• Characteristic facial deformity (short palpebral fissures, elongated mid-face, flattened maxilla).

Other abnormalities, affecting all systems in the body, have been described and are referred to as fetal alcohol effects. Fetal alcohol syndrome is a rare event with reported incidences of 1.7 per 1,000 and 3.3 per 1,000 live births in Sweden and France, respectively. The syndrome is not seen consistently in infants born to women who are heavy consumers of alcohol and occurs only in approximately 30–33% of children born to women who drink about 2 gms per kilogram of body weight per day (equivalent to approximately 18 units of alcoholic drink per day). The differing susceptibility of fetuses to the syndrome is thought to be multifactorial and reflects the interplay of genetic factors,3 social deprivation, nutritional deficiencies, tobacco and other drug abuse, along with alcohol consumption.

SOCIAL ALCOHOL CONSUMPTION

Moderate and occasional alcohol consumption which is socially acceptable is regarded as normal behaviour. Over 90% of the population consumes alcohol. The consequences of this social activity on pregnancy have remained controversial because it is a difficult area to study for two main reasons:

  1. difficulty in measurement of alcohol consumption during pregnancy;

  2. difficulty in controlling for confounding factors, particularly social class and tobacco consumption.

There are inconsistent data about the effect of social alcohol consumption on many pregnancy outcomes such as spontaneous miscarriage or preterm delivery rates. However, there is good evidence that social alcohol consumption does have a small negative effect on intrauterine fetal growth. Mills et al.4 reported an 83 gm decrement of birth weight per one to two drinks per day very similar to that found by Florey et al. in the Euromac study5, ie a deficit of 66 gms of birth weight per 120 gms of alcohol (15 units) per week.

Any impairment of neurodevelopment appears to occur at higher levels of alcohol consumption. The best information in this area comes from the Seattle Pregnancy and Health Study summarised in a recent review.6 The Seattle group reported a decrement of five IQ points in children of mothers drinking greater than 250 gms of alcohol per week, whilst at seven years of age, children of mothers drinking greater that 165 gms per week had a decrement of seven IQ points. Other impairments included attention and memory deficits, arithmetic and reading difficulties.

SCREENING FOR HEAVY ALCOHOL CONSUMPTION DURING PREGNANCY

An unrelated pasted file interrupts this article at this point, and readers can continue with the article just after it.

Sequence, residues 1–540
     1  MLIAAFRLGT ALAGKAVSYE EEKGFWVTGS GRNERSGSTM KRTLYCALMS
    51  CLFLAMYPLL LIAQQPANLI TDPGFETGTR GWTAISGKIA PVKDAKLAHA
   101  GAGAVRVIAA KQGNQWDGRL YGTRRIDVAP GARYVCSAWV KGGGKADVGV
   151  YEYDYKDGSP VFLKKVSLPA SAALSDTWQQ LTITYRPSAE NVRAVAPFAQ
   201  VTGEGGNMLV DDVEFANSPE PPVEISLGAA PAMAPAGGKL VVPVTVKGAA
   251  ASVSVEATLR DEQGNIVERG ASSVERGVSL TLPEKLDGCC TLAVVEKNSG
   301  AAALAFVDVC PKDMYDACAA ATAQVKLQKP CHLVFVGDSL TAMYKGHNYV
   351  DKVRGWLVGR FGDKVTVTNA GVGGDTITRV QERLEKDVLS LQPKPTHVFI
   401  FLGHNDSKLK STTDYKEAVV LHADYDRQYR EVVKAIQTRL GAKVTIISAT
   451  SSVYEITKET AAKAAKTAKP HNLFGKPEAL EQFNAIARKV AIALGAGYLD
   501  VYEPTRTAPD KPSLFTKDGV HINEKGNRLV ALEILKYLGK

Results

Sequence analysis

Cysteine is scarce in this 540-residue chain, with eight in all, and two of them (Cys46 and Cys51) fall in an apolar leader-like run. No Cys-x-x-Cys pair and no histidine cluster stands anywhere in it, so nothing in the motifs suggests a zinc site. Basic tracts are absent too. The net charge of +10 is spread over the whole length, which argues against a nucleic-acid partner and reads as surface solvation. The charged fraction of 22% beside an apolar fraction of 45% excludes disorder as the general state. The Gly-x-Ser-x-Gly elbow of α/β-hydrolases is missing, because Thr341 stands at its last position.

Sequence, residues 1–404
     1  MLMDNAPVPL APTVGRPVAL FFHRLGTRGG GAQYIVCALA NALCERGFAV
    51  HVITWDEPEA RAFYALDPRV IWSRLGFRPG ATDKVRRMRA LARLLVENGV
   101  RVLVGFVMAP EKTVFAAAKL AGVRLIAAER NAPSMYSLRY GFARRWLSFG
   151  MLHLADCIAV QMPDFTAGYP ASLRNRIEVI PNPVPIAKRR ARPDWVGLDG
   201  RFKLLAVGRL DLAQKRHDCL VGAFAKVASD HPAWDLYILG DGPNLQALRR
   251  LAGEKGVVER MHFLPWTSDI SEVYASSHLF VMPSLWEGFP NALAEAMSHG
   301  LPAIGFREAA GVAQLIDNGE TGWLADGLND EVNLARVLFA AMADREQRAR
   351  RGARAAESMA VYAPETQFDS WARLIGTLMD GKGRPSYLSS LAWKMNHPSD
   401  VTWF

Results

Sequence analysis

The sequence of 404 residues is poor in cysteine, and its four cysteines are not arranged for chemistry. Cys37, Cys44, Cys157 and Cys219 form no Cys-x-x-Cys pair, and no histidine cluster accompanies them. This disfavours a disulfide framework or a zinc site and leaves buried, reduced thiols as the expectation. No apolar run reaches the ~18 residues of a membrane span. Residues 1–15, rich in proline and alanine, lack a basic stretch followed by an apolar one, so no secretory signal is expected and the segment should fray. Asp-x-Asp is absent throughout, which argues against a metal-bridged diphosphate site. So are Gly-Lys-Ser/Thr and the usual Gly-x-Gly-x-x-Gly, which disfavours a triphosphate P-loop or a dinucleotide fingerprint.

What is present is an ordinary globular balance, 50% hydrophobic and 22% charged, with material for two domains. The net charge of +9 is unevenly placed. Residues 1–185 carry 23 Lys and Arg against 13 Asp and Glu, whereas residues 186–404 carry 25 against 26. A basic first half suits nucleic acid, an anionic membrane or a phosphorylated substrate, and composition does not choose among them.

Although 90% of women consume alcohol when they are not pregnant, the proportion decreases to 40%-60% during pregnancy. Most women are able to abstain or decrease their alcohol consumption during pregnancy because for them it is not an addictive activity. However, obstetricians should be aware of the possibility of heavy alcoholic consumption during pregnancy because of the potentially serious effects on the fetus. One method of assessment is to include within a dietary and substance-use history a retrospective week's diary of alcohol consumption, including lunchtime and early evening drinking. More promising is the T-ACE questionnaire devised by Sokol et al.7 which can be used to screen either the whole population or be targeted at those women with growth impaired fetuses. Only four questions are required as follows:

  • T How many drinks does it take to make you feel high? (Tolerance) (The patient is considered tolerant if it takes more than two drinks to make her feel high) - two points

  • A Have people annoyed you by criticising your drinking? - one point

  • C Have you ever felt you ought to cut down your drinking? - one point

  • E Have you ever had a drink first thing in the morning to steady your nerves or to get rid of a hangover (eye opener)? - one point

A total score of greater than or equal to two points is considered positive and correctly identifies approximately 70% of heavy drinkers during pregnancy.

Biological markers of excessive alcohol consumption include blood gammaglutamyl transferase, alcohol concentration and thiocyanate, mean corpuscular volume. None of these is precise and better markers are being developed.

CONCLUSIONS

  1. No adverse effects on pregnancy outcome have been proven with a consumption of less than 120 gms of alcohol (around 15 units) per week.

  2. Consumption of 120 gms (15 units) or more per week has been associated with a reduction in birth weight.

  3. Consumption of more than 160 gms (20 units) per week is associated with intellectual impairment in children.

RECOMMENDATIONS

In pregnancy heavy alcohol consumers will require specific counselling and possible referral for special treatment. This is especially true for binge drinkers where the effects on the fetus remain uncertain, but will nonetheless cause concern to both the mother and the obstetrician. Clinics should consider providing a telephone contact number for woman seeking advice and support for alcohol problems.

There is no conclusive evidence of adverse effects in either growth or IQ at levels of consumption below 120 gms (15 units) per week. Nonetheless, it is recommended that women should be careful about alcohol consumption in pregnancy and limit this to no more than one standard drink per day.

1 unit of alcohol approximately equals 8 gms of absolute alcohol which is equivalent to:

  • ½ pint of ordinary strength beer, lager, cider

  • ¼ pint of strong beer or lager

  • 1 small glass of wine

  • 1 single measure of spirits

  • 1 small glass of sherry

This guideline was produced under the direction of the Scientific Advisory Committee of the Royal College of Obstetricians and Gynaecologists as an educational aid to obstetricians and gynaecologists. This guideline does not define a standard of care, nor is it intended to dictate an exclusive course of management. It presents recognised methods and techniques of clinical practice for consideration by obstetricians/gynaecologists for incorporation into their practices. Variations of practice taking into account the needs of the individual patient, resources and limitations unique to the Institution or type of practice may be appropriate.

Footnotes

  • Editor's note — The following is the text of the RCOG's Guideline No. 9 printed here in its original format with kind permission. (AA-BB)

REFERENCES